For 2013, it is important to tap into the rich resources existing in the Deep Web. The last time an extensive study was completed estimating the size of the Deep Web was in a 2001 study – a time when the internet consisted of only approximately three million different domains. The 2001 study revealed that at that time the Deep Web was approximately 400-500 times the size of the Surface Web.
Today’s internet is significantly bigger with an estimated 555 million domains, each containing thousands or millions of unique webpages. As the web continues to grow, so too will the Deep Web and the value attained from Deep Web content. This blog post includes:
- What the Deep Web is
- Why you should care about the Deep Web
- How to harvest the data from the Deep Web
- Why regular search engines can’t reach the Deep Web
Deep Web vs. Surface Web
We’ll start with a quick refresher on the difference between the Surface Web and the Deep Web.
Surface Web: Parts of the internet that can be found via link crawling techniques – meaning it is linked data and can be found via a link from the homepage of a domain; Google can find this data.
Deep Web: Portions of the internet that cannot be accessed by a link crawling search engine like Google. The only way a user can access this portion of the internet is by doing a directed query into web search form to access content within a database that is not linked data. In layman’s terms, a search that is within a particular website.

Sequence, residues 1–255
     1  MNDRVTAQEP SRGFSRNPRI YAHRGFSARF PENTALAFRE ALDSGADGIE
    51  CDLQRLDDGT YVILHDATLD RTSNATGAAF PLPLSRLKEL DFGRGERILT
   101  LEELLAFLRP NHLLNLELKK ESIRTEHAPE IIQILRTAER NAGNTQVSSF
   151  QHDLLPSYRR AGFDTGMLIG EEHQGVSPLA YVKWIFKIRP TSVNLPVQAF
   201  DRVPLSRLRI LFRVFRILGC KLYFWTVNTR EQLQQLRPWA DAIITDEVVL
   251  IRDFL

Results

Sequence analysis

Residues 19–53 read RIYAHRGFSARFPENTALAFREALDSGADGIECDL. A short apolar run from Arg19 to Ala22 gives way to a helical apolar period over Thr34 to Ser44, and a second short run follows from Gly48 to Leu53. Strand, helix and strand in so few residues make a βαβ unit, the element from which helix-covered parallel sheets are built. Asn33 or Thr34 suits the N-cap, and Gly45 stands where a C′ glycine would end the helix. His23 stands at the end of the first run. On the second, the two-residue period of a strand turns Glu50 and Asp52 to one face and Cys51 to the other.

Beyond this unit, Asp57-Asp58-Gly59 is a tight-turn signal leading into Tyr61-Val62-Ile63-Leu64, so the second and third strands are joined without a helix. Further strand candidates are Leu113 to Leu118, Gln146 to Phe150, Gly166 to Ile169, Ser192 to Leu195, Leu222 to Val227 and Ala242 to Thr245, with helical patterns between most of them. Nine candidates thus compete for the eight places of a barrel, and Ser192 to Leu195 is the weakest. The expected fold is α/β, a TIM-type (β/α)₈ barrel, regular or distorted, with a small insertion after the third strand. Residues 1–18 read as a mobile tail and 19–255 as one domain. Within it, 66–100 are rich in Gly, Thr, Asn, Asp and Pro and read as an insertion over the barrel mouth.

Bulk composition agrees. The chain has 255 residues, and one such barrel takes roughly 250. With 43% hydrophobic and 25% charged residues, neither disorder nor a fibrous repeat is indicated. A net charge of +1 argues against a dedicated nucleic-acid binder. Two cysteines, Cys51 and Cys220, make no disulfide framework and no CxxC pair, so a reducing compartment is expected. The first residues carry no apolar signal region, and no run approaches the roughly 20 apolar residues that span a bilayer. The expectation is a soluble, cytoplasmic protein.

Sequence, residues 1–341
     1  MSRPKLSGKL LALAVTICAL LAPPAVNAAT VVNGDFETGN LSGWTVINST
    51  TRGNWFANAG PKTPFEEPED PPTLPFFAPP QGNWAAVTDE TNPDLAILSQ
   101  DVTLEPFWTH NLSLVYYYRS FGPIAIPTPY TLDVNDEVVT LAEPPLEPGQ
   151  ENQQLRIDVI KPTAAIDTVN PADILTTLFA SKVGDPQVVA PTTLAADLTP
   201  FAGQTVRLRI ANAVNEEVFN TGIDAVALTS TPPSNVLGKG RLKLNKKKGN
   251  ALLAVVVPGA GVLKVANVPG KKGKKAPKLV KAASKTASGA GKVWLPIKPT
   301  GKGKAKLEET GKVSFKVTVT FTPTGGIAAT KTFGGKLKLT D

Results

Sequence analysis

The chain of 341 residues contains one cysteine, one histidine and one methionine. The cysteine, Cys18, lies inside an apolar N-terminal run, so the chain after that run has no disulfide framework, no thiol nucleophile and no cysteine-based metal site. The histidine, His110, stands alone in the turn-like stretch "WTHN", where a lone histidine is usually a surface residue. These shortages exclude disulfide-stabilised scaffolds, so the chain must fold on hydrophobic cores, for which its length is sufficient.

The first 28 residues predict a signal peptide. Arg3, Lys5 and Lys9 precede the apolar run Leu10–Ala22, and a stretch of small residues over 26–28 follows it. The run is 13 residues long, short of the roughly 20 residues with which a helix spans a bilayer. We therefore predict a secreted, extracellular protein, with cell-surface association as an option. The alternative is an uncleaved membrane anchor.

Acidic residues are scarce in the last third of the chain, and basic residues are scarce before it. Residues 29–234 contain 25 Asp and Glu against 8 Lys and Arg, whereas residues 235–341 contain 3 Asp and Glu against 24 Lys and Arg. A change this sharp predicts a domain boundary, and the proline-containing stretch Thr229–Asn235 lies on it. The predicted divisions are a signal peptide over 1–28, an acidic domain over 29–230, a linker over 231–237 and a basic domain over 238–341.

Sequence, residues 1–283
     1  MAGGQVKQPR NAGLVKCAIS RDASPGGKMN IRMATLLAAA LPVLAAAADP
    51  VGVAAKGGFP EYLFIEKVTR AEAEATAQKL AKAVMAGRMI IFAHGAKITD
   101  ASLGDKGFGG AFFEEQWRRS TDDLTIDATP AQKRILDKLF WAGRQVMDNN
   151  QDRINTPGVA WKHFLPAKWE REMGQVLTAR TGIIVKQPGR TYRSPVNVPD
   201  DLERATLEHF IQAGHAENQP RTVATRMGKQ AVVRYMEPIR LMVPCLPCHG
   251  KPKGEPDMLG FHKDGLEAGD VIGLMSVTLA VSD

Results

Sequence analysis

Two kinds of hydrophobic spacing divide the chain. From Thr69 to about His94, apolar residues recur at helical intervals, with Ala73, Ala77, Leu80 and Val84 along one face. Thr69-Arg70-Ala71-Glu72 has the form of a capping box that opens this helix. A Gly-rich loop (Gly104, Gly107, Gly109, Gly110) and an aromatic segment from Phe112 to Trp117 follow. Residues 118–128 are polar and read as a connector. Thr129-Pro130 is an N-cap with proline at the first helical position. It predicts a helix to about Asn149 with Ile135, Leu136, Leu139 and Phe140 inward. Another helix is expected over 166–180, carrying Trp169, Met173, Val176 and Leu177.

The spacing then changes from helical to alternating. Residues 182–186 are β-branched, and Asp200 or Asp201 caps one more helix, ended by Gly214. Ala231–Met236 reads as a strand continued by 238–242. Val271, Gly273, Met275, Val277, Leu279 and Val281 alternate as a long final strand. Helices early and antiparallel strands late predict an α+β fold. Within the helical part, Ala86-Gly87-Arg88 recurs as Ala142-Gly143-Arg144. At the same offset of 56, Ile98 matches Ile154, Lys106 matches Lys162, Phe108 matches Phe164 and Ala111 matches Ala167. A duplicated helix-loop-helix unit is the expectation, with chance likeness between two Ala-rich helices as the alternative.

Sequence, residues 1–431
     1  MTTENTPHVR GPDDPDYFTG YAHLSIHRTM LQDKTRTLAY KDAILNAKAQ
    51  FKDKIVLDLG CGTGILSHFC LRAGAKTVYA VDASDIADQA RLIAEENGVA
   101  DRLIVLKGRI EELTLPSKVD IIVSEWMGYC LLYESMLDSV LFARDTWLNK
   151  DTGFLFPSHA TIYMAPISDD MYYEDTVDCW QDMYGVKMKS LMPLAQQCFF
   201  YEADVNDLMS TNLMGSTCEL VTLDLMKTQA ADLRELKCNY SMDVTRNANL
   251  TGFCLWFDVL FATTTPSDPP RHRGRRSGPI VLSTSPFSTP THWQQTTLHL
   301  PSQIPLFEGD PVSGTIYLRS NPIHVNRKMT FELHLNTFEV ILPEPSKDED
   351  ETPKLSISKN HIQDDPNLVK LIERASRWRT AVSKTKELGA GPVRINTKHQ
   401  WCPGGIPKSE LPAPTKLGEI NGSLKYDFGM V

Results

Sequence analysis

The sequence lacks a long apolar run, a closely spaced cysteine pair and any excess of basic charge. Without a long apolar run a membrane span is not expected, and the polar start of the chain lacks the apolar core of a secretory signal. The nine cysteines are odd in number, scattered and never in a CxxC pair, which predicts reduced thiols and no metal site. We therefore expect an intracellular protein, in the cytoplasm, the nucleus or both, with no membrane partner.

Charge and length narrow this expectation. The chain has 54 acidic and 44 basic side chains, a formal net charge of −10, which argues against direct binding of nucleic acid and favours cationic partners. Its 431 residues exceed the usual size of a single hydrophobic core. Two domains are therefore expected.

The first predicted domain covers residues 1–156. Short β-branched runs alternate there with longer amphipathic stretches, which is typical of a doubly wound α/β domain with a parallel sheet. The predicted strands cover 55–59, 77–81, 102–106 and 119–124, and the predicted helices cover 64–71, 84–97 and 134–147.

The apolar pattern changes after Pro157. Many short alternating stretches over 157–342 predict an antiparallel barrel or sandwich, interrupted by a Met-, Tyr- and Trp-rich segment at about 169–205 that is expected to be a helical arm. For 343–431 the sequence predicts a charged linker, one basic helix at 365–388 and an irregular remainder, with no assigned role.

For more information in layman’s terms check out:
Getting the Data from the Deep Web
BrightPlanet’s core technology lies in its ability to harvest Deep Web content, or content that requires a directed query to a web search form.
The Deep Web Harvester (which holds 7 individual patents) works directly off the source’s HTML forms to emulate exactly how a human user would interact with a site search through their web browser. However, unlike a single user only able to search one site, one query at a time – BrightPlanet’s technology allows users to issue hundreds of queries to hundreds of different sites simultaneously.
It is also important to distinguish between traditional searches and Deep Web harvesting. Unlike traditional search technologies, like Google, that index links and allow you to view the results, BrightPlanet takes it a step further and harvests all of the results. The harvest process involves BrightPlanet extracting all of the text based content from each of the results pages and then preparing the content for some type of analysis depending on the needs of our end users.
Why is this technology valuable?
- More Efficient
- More Content
- Allows users to view every change made to a web page, not just the current version
What Search Engines are Missing
The following example should put into perspective what exactly search engines may be missing.